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Photo courtesy of Tia Stephanie Tours
At a time when travelers are intent on having authentic in-depth experiences, Stephanie Schneiderman is particularly well suited to the task of providing them. She grew up in Mexico and now operates Tia Stephanie Tours, a specialist in culturally focused tours to Mexico and Colombia.
For those whose experience of Mexico is limited to travel to Cancun for a beach vacation, it may be surprising to hear Schneiderman talk about Mexico.
"Mexico has a depth of cultural richness that is almost unparalleled," said Schneiderman. "The typical traveler has no idea. In my case I am so lucky to have grown up in Mexico and chosen to travel there for many years to learn about it firsthand."
She spent her formative years there, from kindergarten to junior high school. "My whole childhood was immersed in Mexico," she said.
Schneiderman actually began her days in Cuba. She was born in Havana when her father was working there for Chase Manhattan Bank. Stephanie was born in 1959; not the best year to be born in Cuba. It was the year of Castro's revolution and with his nationalization of U.S. banks that year, "We had to get the hell out of Dodge," she said.
Schneiderman was still an infant when the family moved to St. Thomas, Virgin Islands. A couple of years later they moved to Panama, and then in 1964 they moved to Mexico City for her father's next assignment. By then she was five years old. She remembers boarding the Pan Am flight and landing in Mexico.
"That begins my aware years as a child," she said. "I don't remember Cuba. I do remember some of Panama. St. Thomas I remember because it was so remarkable, the ocean, the beauty. I have a very clear memory of swimming on the beach."
For the first two weeks the family stayed at the Sheraton Maria Isabel, which had the grandeur to impress even a small child.
"It's an iconic hotel in the middle of Reforma Avenue, the Champs-Élysées of Mexico," said Schneiderman. It was an area rich in fine architecture and culture, much of it imported from France.
The family moved around from place to place for a few months until they finally were settled in a home in the upscale Jardines del Pedregal district.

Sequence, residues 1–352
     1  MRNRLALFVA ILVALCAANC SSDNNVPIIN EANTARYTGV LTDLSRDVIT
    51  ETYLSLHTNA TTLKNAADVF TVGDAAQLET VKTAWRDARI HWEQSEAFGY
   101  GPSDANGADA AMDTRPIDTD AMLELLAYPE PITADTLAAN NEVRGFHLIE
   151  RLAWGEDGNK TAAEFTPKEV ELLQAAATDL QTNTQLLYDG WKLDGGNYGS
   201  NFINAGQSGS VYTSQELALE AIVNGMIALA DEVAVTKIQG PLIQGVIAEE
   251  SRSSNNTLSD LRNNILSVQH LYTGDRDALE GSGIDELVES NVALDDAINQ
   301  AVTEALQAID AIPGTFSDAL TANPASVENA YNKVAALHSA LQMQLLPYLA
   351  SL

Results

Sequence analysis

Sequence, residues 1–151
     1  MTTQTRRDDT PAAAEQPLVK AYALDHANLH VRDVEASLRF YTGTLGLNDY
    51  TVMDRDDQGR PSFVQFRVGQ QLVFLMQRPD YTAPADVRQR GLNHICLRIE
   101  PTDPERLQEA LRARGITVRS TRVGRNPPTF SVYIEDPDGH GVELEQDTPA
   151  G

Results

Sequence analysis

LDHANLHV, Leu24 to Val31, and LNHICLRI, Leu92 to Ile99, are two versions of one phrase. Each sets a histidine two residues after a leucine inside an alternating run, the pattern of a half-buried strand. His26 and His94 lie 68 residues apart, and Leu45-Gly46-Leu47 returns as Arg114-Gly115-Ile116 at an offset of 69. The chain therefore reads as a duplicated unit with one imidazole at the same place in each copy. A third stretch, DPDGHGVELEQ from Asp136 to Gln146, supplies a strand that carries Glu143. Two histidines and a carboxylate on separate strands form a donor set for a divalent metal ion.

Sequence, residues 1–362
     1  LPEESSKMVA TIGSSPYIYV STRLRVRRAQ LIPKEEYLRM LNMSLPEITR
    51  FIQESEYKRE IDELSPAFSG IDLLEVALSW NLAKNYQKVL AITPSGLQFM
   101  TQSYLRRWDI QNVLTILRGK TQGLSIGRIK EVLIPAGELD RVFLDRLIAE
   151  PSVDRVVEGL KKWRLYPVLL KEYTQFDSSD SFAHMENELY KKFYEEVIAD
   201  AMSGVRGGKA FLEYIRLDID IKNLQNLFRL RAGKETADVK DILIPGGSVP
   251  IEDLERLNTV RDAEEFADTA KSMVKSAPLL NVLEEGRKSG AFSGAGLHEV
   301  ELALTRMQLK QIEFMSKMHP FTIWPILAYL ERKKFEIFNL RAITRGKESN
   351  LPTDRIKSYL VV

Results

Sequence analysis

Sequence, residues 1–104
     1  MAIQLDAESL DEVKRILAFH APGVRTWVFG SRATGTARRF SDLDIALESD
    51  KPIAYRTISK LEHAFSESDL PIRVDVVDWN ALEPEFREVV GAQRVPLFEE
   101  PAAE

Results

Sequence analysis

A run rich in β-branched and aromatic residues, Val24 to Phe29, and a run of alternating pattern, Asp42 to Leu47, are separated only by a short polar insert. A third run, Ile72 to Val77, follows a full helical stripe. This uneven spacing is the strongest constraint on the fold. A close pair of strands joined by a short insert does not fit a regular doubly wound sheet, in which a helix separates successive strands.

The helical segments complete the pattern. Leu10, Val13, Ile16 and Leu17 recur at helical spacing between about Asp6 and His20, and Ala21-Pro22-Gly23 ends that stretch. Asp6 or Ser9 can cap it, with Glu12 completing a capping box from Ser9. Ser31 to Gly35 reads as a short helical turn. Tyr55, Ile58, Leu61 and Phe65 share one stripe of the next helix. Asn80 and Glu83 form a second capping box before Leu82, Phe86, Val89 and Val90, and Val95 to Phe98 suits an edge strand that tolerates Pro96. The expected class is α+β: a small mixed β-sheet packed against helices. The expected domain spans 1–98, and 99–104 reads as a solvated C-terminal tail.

Schneiderman's mother took it upon herself to show her children Mexico. She had been born in Nebraska, moved with her family to Chicago and later went to Mexico and learned Spanish.
"I asked myself how I would design tours so they wouldn't feel like tourism," she said. "I wanted the tours to feel like what I was experiencing as a traveler. I wanted everyone to feel like travelers, not tourists."
Schneiderman wanted to target the traveler that fell somewhere on the spectrum between the beach vacationer and the solo pilgrim who takes a travel book and heads into the mountains to meet a shaman.
"I said somewhere in between in this spectrum there is the traveler who would love to experience these places, people, traditions, culture and diversity, all these things I was seeing, and these people maybe don't speak the language. Maybe they don't know how to go about it, how to negotiate cultural and physical landscape, and I can provide that. Through the design of our tours we can help facilitate traveler experiences."
That was in 2004. Since then the company has become a recognized specialist in cultural travel to Mexico, providing tours for organizations such as the Metropolitan Museum of Art, Slow Food California, Florida International University/Frost Art Museum and the Toledo Museum of Art.
The company provides a wide range of tours to various regions in Mexico, focused on various special interests, such as culture and cuisine, textile traditions, ancient civilizations, art history and festivals. It also creates custom tours.
It's not only the clients whose lives are touched by the experiences.
The company created a tour to study the African heritage of Mexico for the Du Sable Museum of African American History in Chicago, and during the tour, Carol Adams, the then-director of the museum, addressed a group of Afro-Mexican people gathered with a group of Afro-American visitors.
"Something incredible happened," said Schneiderman. "Dr. Adams said, 'We have come to meet our brothers and our sisters, our aunts and our uncles and cousins. We were separated. History separated us but, here we are together again.'
"Everyone was so moved. I learned then that they weren't just learning about African heritage, they as people from the African diaspora who came to the U.S. involuntarily as slaves were meeting their brothers and sisters, aunts and uncles and cousins who left from same place they did and instead of going to the United States they went to other places. That's when I learned that travel is transformational."
David Cogswell is executive editor covering tours and packages, Africa and the Middle East.
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